A few important points most reports have not had concerning the over-$1 billion Toyota unintended acceleration class action lawsuit settlement, and Toyota's industry domination:
- The settlement covers only Toyota Motor Corporation vehicle owners and lessees whose cars may have lost value because of the problems.
- Lawsuits concerning those killed or injured will be heard beginning in February.
Toyota still has made no claim of responsibility for unintended acceleration due to electronic or sticky throttle problems. The now-settled class action makes those claims specifically.
Toyota truly seems in limbo. A billion may not be what it used to, but it's still a lot of money to pay for a problem which a company insists doesn't exist.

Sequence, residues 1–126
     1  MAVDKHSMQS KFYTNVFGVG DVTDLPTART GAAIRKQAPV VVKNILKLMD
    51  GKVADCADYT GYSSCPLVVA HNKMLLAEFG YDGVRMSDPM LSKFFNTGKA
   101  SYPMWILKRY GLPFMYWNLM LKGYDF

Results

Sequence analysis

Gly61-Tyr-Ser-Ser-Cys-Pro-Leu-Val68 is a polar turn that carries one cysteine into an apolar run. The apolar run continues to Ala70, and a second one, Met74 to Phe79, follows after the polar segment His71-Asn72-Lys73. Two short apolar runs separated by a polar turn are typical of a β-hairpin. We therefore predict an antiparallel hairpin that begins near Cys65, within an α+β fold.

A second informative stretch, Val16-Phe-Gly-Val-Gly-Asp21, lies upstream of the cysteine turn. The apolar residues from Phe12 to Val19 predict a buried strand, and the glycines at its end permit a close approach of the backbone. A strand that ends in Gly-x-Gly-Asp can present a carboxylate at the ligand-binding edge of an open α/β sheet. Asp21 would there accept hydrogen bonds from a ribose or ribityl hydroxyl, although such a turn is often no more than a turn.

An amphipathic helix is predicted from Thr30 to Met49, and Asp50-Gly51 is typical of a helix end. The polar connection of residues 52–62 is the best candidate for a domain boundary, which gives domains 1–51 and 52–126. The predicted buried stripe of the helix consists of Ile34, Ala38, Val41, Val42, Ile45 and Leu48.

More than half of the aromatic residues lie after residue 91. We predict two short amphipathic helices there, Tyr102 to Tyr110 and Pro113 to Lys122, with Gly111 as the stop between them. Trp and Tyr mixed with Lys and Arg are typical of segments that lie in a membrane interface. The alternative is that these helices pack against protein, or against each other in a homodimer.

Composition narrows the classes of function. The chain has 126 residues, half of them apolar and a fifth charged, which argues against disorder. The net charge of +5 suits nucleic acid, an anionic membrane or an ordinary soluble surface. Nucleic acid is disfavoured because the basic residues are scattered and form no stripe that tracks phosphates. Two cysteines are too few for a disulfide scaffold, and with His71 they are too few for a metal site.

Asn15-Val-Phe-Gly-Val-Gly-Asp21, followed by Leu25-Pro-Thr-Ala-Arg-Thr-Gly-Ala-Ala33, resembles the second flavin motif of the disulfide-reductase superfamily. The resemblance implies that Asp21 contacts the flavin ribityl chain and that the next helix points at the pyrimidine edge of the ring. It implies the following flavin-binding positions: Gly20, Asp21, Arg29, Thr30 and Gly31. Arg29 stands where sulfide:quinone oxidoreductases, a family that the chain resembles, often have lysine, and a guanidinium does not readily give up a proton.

According to AD AGE, Toyota, poised to regain its title as the world's biggest carmaker this year, said its vehicle sales may rise 2 percent next year to a record amount, led by demand from overseas markets, bypassing General Motors, as it did in 2008 during the height of the Great Recession.
The Japanese giant has overcome the production problems caused by that nation's earthquake, tsunami and nuclear crises. Focusing on selling Toyota, Lexus, Scion and Daihatsu cars and trucks and Hino medium-sized trucks, Toyota is counting on the U.S. to boost sales next year, countering a projected 15 percent drop in Japan, where government subsidies to purchasers of fuel-efficient vehicles expired in September. The automaker's 2013 forecast surpasses the previous high of 9.37 million units in 2007.
Global sales may climb to 9.91 million vehicles in 2013, the Toyota City, Japan-based company said yesterday in an emailed statement. The maker of the Corolla and the Camry sedan estimates sales expanded 22 percent to a record 9.7 million this year, the biggest gain since at least 2000.